Reviewed by Steph for TeensReadToo.com
Many know the story of Thumbelina. She is a very tiny girl who one day went on the adventure of a lifetime. She met toads, a mouse, a mole, and a swallow.
She also met her true love -- the little king of the flowers.
Barbara Ensor takes the classic story and makes some changes of her own, based on her logic of how the story should end.
This easy and fast read will be very entertaining to readers of all ages. With only about 150 pages, the reader can learn the entire story of Thumbelina in a short time. The story flows from one scene to another, bringing the classic character of Thumbelina to life.
Readers are sure to enjoy this fascinating story re-created by Ms. Ensor.
I love Hans Christian Andersen's stories, but his poor little girls are like delicate figurine studies in pathos: they're exquisite, but not very much like people. In this book, Ensor takes his character Thumbelina and retells the story from her point of view. Here, Thumbelina is a full and interesting character who wants to know about the world and goes on an accidental adventure. My only disappointment is that she was snatched while she wasn't carrying her tiny bow and arrows, but I guess every book can't be The Hunger Games. ;-)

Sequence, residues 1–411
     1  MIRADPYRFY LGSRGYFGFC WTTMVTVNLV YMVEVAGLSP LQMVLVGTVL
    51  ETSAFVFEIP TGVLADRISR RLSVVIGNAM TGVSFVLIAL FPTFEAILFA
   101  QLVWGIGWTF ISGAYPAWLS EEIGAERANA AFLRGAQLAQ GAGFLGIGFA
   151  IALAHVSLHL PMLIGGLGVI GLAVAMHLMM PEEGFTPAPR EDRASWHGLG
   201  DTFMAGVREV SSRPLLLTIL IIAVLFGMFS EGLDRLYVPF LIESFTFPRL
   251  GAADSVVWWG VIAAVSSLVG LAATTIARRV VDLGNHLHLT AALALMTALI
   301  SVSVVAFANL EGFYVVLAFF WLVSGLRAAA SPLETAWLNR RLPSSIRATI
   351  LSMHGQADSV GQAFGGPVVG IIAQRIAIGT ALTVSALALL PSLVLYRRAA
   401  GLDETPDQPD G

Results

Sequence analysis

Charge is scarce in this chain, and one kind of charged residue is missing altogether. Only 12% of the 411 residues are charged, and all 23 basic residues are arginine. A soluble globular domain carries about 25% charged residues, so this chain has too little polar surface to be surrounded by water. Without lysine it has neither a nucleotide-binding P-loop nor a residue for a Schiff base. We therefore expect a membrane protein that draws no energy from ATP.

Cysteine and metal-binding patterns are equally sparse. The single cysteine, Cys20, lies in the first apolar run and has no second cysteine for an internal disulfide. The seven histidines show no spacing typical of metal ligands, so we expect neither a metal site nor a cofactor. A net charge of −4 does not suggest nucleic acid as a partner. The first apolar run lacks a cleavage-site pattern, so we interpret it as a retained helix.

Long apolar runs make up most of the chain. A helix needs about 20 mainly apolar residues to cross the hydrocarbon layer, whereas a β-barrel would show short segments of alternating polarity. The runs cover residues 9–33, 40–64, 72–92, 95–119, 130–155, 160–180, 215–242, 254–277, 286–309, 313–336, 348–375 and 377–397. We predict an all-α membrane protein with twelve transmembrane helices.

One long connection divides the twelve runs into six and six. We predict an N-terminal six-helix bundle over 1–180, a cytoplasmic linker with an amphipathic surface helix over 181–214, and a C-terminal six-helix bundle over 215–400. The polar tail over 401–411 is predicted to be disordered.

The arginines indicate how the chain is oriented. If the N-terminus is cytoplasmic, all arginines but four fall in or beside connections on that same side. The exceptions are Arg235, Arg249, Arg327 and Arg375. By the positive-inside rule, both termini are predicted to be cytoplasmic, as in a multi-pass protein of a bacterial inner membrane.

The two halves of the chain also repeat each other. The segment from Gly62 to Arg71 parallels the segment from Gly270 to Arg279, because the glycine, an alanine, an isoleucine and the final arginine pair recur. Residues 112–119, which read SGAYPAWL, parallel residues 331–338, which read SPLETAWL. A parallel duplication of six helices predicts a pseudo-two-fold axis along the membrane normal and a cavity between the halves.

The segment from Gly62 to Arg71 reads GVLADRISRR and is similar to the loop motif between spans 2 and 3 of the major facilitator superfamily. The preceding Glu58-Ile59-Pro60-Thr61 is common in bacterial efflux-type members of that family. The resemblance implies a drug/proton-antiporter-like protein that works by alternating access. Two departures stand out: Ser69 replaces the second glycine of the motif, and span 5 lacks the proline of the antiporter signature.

I read this book aloud with a seven-year-old, and it raised some interesting questions. Probably because of said seven-year-old, I find it unsettling to read stories where interesting people fall into unfortunate circumstances and end up as unwilling brides to creepy rodents. Can't every story about a happy young girl just talk about how she worked really hard and got into college? (No, they can't.)
My co-reader, on the other hand, loved it. She drank it all in and even re-read some of the chapters in between the times we read together. The original story provided romance and drama, and Ensor replaced the delicate, sad, passive, helpless little magic girl that Andersen wrote with a realistic person with her own flaws and opinions. For me, this made the story more exciting and engaging.
If I could change anything, I would have asked Ensor to go smoothly through to her own ending instead of awkwardly detouring though Andersen's. I think that by that point in the book she had taken Thumblina over entirely, and as a reader I expected drastic changes in her retelling. I don't think she owed the original story anything, although it was nice how much she mentions Andersen in the book.
The illustrations, which are paper cutouts, are lovely. Reading Thumbelina's beautiful journal entries makes the reader feel more intimate with her. Overall, I would recommend this book.